Gelato - our favourite was from Gelateria Dondoli in San Gimignano.  the taste and texture of the gelati we tried was the best we had in all of Italy (and believe we had a lot!)  The creator made sure he kept the long line of waiting customers happy with samples and tales, and the not too long a wait was definitely worth it.

Pastries such as cannoli and sfoigliatelle, became our breakfast staple.  Lucky we were walking around all day to walk off the extra calories.  Any pasticceria will have an array of delicious pastries. If you want to enjoy like the locals do, order your coffee and pastry and stand at the bar or counter to eat. 

Pasta and pizza - it almost goes without saying, but you really do need to try these when in Italy.  Each region will have their own sauce and topping specialties, so you can enjoy an array of flavours as you move through the regions.

Places To Stay

There are unlimited choices when it comes to accommodation throughout Italy.  You can search a variety of accommodation types here. Below are some of my recommendations for different locations throughout Italy.

Hotel Ariston, Rome - Great location, just a couple of minutes walk from the Rome Termini and starting point for the Hop on hop off bus. Close to all major attractions with clean rooms and excellent service staff

Mercure Firenze Centro, (Firenze) Florence - Located a short walk from the Santa Maria Novella Train Station and walking distance to the main sights of Florence, this is a great hotel to stay. Clean and comfortable rooms, great breakfasts and lovely staff, well worth checking this hotel out.

Hotel Plaza, Salerno - If you are heading to Salerno to catch the ferry to the Amalfi Coast and have a stopover in Salerno, look for Hotel Plaza. Easy walk from the train station and within walking distance to the ferry.  restauarants and shops close by. Clean and comfortable rooms. While eating breakfast, enjoy browsing through the many Italian cookbooks and books in their dining room.

Hotel Le Fioriere, Praiano - This family run hotel was the perfect place to stay in Amalfi.  The local bus service stop is right outside the door, giving you access to all areas of the Amalfi Coast.  Very clean, comfortable and spacious rooms.  Make sure you enjoy a sunset drink and meal on their rooftop terrace with stunning views over the water.  Local shops and restaurants are within easy walking distance also.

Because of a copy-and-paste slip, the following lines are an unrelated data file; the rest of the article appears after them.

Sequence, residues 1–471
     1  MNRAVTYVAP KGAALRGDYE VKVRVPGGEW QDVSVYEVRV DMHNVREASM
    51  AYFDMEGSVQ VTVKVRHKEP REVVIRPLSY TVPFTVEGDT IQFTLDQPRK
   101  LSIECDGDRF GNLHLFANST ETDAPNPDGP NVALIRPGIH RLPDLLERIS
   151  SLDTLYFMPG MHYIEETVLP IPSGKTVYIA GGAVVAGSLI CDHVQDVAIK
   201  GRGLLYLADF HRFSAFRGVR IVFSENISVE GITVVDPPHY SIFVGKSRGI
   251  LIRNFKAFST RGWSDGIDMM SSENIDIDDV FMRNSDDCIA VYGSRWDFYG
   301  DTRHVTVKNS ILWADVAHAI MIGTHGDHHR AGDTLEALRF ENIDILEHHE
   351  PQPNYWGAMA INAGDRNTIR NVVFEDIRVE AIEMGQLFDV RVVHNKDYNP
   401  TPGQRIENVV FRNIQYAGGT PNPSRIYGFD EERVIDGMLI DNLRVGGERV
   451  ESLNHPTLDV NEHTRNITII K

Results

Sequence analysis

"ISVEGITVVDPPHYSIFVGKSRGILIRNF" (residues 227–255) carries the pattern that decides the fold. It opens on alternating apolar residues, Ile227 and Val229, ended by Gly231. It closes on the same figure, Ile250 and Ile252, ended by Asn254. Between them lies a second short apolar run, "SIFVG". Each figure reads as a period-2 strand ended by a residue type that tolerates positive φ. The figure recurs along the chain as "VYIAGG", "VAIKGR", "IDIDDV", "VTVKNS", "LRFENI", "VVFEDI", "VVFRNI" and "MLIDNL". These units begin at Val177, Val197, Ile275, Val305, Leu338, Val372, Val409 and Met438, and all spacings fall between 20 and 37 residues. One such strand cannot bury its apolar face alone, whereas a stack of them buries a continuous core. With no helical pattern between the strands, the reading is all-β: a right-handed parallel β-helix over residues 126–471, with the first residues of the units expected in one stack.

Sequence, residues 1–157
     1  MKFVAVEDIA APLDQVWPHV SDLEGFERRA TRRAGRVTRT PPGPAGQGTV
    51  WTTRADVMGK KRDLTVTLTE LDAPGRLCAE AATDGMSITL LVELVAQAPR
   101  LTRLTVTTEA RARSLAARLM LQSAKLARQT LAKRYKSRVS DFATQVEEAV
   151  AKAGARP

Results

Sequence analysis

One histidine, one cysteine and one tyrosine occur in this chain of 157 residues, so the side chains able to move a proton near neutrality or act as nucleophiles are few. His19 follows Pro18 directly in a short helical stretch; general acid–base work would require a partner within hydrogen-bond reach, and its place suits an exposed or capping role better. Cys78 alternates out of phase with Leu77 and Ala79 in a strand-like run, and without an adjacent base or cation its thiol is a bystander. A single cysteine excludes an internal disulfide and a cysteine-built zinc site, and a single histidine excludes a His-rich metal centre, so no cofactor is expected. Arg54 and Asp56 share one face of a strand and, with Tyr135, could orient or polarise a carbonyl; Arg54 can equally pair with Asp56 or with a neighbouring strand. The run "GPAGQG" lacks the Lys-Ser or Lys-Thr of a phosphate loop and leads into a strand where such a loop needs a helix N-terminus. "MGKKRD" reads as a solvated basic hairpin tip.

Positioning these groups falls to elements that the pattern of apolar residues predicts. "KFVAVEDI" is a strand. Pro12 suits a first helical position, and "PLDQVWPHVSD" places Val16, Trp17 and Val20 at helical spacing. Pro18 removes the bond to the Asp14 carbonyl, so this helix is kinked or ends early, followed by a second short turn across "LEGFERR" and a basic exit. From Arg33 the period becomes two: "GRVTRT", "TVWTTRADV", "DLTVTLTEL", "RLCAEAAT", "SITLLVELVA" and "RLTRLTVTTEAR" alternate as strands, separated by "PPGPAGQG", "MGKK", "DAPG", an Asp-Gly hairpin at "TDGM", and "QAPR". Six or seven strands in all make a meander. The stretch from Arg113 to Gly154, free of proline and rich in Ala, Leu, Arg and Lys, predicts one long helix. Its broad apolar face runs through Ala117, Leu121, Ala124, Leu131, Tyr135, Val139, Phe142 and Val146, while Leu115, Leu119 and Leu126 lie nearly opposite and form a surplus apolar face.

Books To Read

Lonely Planet Italy provides important information, tips, sights to see and much more. You can also get Lonely Planet books specific to different regions you may be visiting.

Sicily, It's Not Quite Tuscany by Shamus Sillar. This is the story of an Aussie couple who sought a Mediterranean sea change only to find themselves in the sprawling Sicilian city of Catania - the 'anti-Tuscany' of Italy. There, any romantic visions they'd had of restoring a villa or stamping their entwined feet in vats of Chianti grapes disappeared faster than the chief witness in a Cosa Nostra trial.  Shamus and Gill's tiny apartment in Catania was located in a grim neighbourhood opposite a triple-X cinema and a shop selling coffins, nearby Mount Etna erupted soon after their arrival, a mystery ailment left Shamus in a neck brace, they crashed a Vespa and had regular dealings with at least one Mafioso.  This, then, is an Italian sea change with grit. But it's also a story of optimism, endurance and acceptance, an exploration of the minutiae of Sicilian culture, history, food and religion, and an example of how to find beauty - and humour - in the most unexpected of places.

The Little Italian Bakery by Valentina Cebeni.  Friendship, food and romance await on this magical Italian island. It's the perfect summer read.  The scent of freshly baked biscuits, lemon and aniseed reminds Elettra of her mother's kitchen.  But her mother is in a coma, and the family bakery is failing.  Elettra is distraught; she has many unanswered questions about her mother's childhood - Edda was a secretive woman.  The only clue is a family heirloom: a necklace inscribed with the name of an island.  Elettra buys a one-way ticket to that island, just off the coast of Sardinia.  Once there, she discovers a community of women, each lost in their own way.  They live in a crumbling convent, under threat from the local mayor and his new development plan.  It is within the convent's dark corridors and behind its secret doors that Elettra discovers a connection to her mother's past.  She also falls in love again: with friendship, baking and adventure.  This book also features real recipes throughout including aniseed bread, rose- and honey-infused wine and spiced biscuits

Frances Mayes Books - Known for her book 'Under The Tuscan Sun', Frances Mayes has also written other books based in the beautiful Tuscan region. Browse all of her books, including 'The Tuscan Sun Cookbook'.

If I were to add all of my Italian Cookbooks this page would go on forever! I've just included some of my favourite Italian cookbooks 

The Silver Spoon The Silver Spoon was the first English edition of the bestselling Italian cookbook of the last fifty years, Il cucchiaio d'argento. With over 2,000 recipes, its simple style and authenticity has made it the definitive, bestselling book on Italian cooking, for both gourmets and beginners.